Friday, October 11, 2019

Practical Demonkeeping Chapter 33-34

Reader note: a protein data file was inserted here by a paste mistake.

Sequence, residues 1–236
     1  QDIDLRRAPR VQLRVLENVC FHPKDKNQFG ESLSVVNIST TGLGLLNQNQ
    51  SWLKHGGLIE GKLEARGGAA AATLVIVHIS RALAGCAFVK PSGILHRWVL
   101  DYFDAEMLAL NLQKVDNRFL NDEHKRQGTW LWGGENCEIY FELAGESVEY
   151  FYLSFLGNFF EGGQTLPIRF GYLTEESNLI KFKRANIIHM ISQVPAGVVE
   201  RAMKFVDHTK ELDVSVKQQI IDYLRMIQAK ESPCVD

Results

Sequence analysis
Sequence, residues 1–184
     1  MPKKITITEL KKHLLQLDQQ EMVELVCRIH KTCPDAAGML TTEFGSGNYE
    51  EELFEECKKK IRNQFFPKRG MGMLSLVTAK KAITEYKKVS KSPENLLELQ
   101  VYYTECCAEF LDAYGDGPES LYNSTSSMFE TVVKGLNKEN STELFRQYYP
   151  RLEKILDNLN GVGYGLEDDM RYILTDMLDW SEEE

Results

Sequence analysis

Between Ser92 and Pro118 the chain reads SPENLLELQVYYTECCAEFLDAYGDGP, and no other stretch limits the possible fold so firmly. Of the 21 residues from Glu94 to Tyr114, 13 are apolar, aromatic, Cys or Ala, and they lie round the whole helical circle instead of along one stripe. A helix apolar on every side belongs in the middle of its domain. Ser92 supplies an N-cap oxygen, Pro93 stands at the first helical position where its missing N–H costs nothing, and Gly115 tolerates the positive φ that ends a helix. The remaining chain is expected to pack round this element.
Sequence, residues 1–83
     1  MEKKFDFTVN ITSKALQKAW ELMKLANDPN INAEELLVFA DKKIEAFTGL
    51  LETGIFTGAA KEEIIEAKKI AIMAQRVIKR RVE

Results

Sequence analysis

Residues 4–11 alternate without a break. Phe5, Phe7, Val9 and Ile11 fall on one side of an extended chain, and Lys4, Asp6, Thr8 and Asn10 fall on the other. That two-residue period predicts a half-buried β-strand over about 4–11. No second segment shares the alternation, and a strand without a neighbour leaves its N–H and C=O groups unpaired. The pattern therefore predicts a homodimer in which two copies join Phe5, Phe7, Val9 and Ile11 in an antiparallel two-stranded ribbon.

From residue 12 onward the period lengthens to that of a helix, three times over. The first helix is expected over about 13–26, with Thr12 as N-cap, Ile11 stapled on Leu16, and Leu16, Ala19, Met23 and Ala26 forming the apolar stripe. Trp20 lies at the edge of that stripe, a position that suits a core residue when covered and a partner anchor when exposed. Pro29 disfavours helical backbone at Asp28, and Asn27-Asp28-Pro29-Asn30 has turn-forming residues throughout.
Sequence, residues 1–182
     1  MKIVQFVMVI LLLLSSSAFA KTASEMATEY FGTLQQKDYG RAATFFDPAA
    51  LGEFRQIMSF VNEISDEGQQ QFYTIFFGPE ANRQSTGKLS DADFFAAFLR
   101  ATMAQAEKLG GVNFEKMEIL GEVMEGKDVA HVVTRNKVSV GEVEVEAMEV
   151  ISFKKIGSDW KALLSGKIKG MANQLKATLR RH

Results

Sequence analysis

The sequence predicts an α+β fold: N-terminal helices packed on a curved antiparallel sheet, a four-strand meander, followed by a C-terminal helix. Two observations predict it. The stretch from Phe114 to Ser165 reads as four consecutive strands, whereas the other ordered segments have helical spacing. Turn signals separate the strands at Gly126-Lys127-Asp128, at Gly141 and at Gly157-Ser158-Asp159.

33 RIVERA During the drive to Pine Cove, Rivera was nagged by the idea that he had forgotten something. It wasn't that he hadn't reported where he was going; he had planned that. Until he had physical evidence that there was a serial killer in the area, he wasn't saying a word. But when he knocked on the Elliotts' front door and it swung open, he suddenly remembered that his bullet-proof vest was hanging in his locker back at the station. He called into the house and waited for an answer. None came. Only cops and vampires have to have an invitation to enter, he thought. But there is probable cause. The part of his mind that functioned like a district attorney kicked in. â€Å"So, Sergeant Rivera,† the lawyer said, â€Å"you entered a private residence based on a computer data base that could have been no more than a mailing list?† â€Å"I believed that Effrom Elliott's name on the list represented a clear and present danger to a private citizen, so I entered the residence.† Rivera drew his revolver and held it in his right hand while he held his badge out in his left. â€Å"Mr. and Mrs. Elliott, this is Sergeant Rivera from the Sheriff's Department. I'm coming in the house.† He moved from room to room announcing his presence before he entered. The bedroom door was closed. He saw the splintered bullet hole in the door and felt his adrenaline surge. Should he call for backup? The D.A. said: â€Å"And so you entered the house on what basis?† Rivera came through the door low and rolled. He lay for a moment on the floor of the empty room, feeling stupid. What now? He couldn't call in and report a bullet hole in a residence that he had probably entered illegally, especially when he hadn't reported that he was in Pine Cove in the first place. One step at a time, he told himself. Rivera returned to his unmarked car and reported that he was in Pine Cove. â€Å"Sergeant Rivera,† the dispatcher said, â€Å"there is a message for you from Technical Sergeant Nailsworth. He said to tell you that Robert Masterson is married to the granddaughter of Effrom Elliott. He said he doesn't know what it means, but he thought you should know.† It meant that he had to find Robert Masterson. He acknowledged the message and signed off. Fifteen minutes later he was at The Breeze's trailer. The old pickup was gone and no one answered the door. He radioed the station and requested a direct patch to the Spider. â€Å"Nailgun, can you get me Masterson's wife's home address? He gave the trailer as residence when we brought him in. And give me the place where she works.† â€Å"Hold on, it'll be just a second for her address.† Rivera lit a cigarette while he waited. Before he took the second drag, Nailsworth came back with the address and the shortest route from Rivera's location. â€Å"It will take a little longer for the employer. I have to access the Social Security files.† â€Å"How long?† â€Å"Five, maybe ten minutes.† â€Å"I'm on my way to the house. Maybe I won't need it.† â€Å"Rivera, there was a fire call at that address this morning. That mean anything to you?† â€Å"Nothing means anything to me anymore, Nailsworth.† Five minutes later Rivera pulled up in front of Jenny's house. Everything was covered with a gummy gray goo, a mix of ashes, flour, and water from the fire hoses. As Rivera climbed out of the car, Nailsworth called back. â€Å"Jennifer Masterson is currently employed at H.P.'s Cafe, off Cypress in Pine Cove. You want the phone number?† â€Å"No,† Rivera said. â€Å"If she's not here, I'll go over there. It's just a few doors down from my next stop.† â€Å"You need anything else?† Nailsworth sounded as if he was holding something back. â€Å"No,† Rivera said. â€Å"I'll call if I do.† â€Å"Rivera, don't forget about that other matter.† â€Å"What matter?† â€Å"Roxanne. Check on her for me.† â€Å"As soon as I can, Nailsworth.† Rivera threw the radio mike onto the passenger seat. As he walked up to the house, he heard someone come on the radio singing a chorus to the song â€Å"Roxanne† in a horrible falsetto. Nailsworth had shown his weakness over an open frequency, and now, Rivera knew, the whole department would ride the fat man's humiliation into the ground. When this was over, Rivera promised himself, he would concoct a story to vindicate the Spider's pride. He owed him that. Of course, that depended on Rivera vindicating himself. The walk to the door covered his shoes with gray goo. He waited for an answer and returned to the car, cursing in Spanish, his shoes converted to dough balls. He didn't get out of the car at H.P.'s Cafe. It was obvious from the darkened windows that no one was inside. His last chance was the Head of the Slug Saloon. If Masterson wasn't there, he was out of leads, and he would have to report what he knew, or, what was more embarrassing, what he didn't know, to the captain. Rivera found a parking place in front of the Slug behind Robert's truck, and after taking a few minutes to get his right shoe unstuck from the gas pedal, he went in. 34 U-PICK-EM The Pagan Vegetarians for Peace called them the Sacred Caves because they believed that the caves had once been used by Ohlone Indians for religious ceremonies. This, in fact, was not true, for the Ohlone had avoided the caves as much as possible due to the huge population of bats that lived there, bats that were inextricably locked into the destiny of the caves. The first human occupation of the caves came in the 1960s, when a down-and-out farmer named Homer Styles decided to use the damp interior of the caves to cultivate mushrooms. Homer started his business with five hundred wooden crates of the sort used for carting soda bottles, and a half-gallon carton of mail-order mushroom spores; total investment: sixteen dollars. Homer had stolen the crates from behind the Thrifty-Mart, a few at a time, over the period of weeks that it took him to read the pamphlet Fungus for Fun and Profit, put out by the U.S. Department of Agriculture. After filling the crates with moist peat and laying them out on the cave floor, Homer spread his spores and waited for the money to roll in. What Homer didn't figure on was the rapid growth rate of the mushrooms (he'd skipped that part of the pamphlet), and within days he found himself sitting in a cave full of mushrooms with no market and no money to pay for help in harvesting. The solution to Homer's problem came from another government pamphlet entitled The Consumer-Harvested Farm, which had come, by mistake, in the same envelope with Fungus for Fun. Homer took his last ten dollars and placed an ad in the local paper: Mushrooms, $.50 lb. U-PICK-EM, your container. Old Creek Road. 9?C5 daily. Mushroom-hungry Pine Covers came in droves. As fast as the mushrooms were harvested, they grew back, and the money rolled in. Homer spent his first profits on a generator and a string of lights for the caves, figuring that by extending his business hours into the evening, his profits would grow in proportion. It would have been a sound business move had the bats not decided to rear their furry heads in protest. During the day the bats had been content to hang out on the roof of the cave while Homer ran his business below. But on the first night of Homer's extended hours when the bats woke to find their home invaded by harshly lit mushroom pickers, their tolerance ended. There were twenty customers in the caves when the lights went on. In an instant the air above them was a maelstrom of screeching, furry, flying rodents. In the rush to exit, one woman fell and broke a hip and another was bitten on the hand while extracting a bat from her hair. The cloud of bats soon disappeared into the night, only to be replaced the next day by an equally dense cloud of landbound vermin: personal-injury lawyers. The varmints prevailed in court. Homer's business was destroyed, and once again the bats slept in peace. A depressed Homer Styles went on a binge in the Head of the Slug. He spent four days in an Irish whiskey haze before his money ran out and Mavis Sand sent him to an Alcoholics Anonymous meeting. (Mavis could tell when a man had hit bottom, and she felt no need to pump a dry well.) Homer found himself in the meeting room of the First National Bank, telling his story. It happened that at that same meeting a young surfer who called himself The Breeze was working off a court-ordered sentence he had earned by drunkenly crashing a '62 Volkswagen into a police cruiser and promptly puking on the arresting officer's shoes. The farmer's story touched off an entrepreneurial spark in the surfer, and after the meeting The Breeze cornered Homer with a proposition. â€Å"Homer, how would you like to make some heavy bread growing magic mushrooms?† The next day the farmer and the surfer were hauling bags of manure into the caves, spreading it over the peat, and scattering a completely different type of spore. According to The Breeze their crop would sell for ten to twenty dollars an ounce instead of the fifty cents a pound that Homer received for his last crop. Homer was enraptured with the possibility of becoming rich. And he would have, if not for the bats. As the day of their first harvest neared, The Breeze had to take his leave of their plantation to serve the weekend in the county jail (the first of fifty – the judge had not been amused at having barf-covered police shoes presented as evidence in his courtroom). Before he left, The Breeze assured Homer that he would return Monday to help with the drying and marketing of the mushrooms. In the meantime, the woman who had been bitten during the debacle of the bats, came down with rabies. County animal-control agents were ordered to the caves to destroy the bat colony. When the agents arrived, they found Homer Styles crouched over a tray of psychedelic mushrooms. The agents offered Homer the option of walking away and leaving the mushrooms, but Homer refused, so they radioed the sheriff. Homer was led away in handcuffs, the animal-control agents left with their pockets filled with mushrooms, and the bats were left alone. When The Breeze was released on Monday, he found himself in search of a new scam. A few months later, while incarcerated at the state prison in Lompoc, Homer Styles received a letter from The Breeze. The letter was covered with a fine yellow powder and read: â€Å"Sorry about your bust. Hope we can bury the hatchet.† Homer buried the letter in a shoe box he kept under his bunk and spent the next ten years living in relative luxury on the profits he made from selling psychedelic mushrooms to the other inmates. Homer sampled his crop only once, then swore off mushrooms for life when he hallucinated that he was drowning in a sea of bats.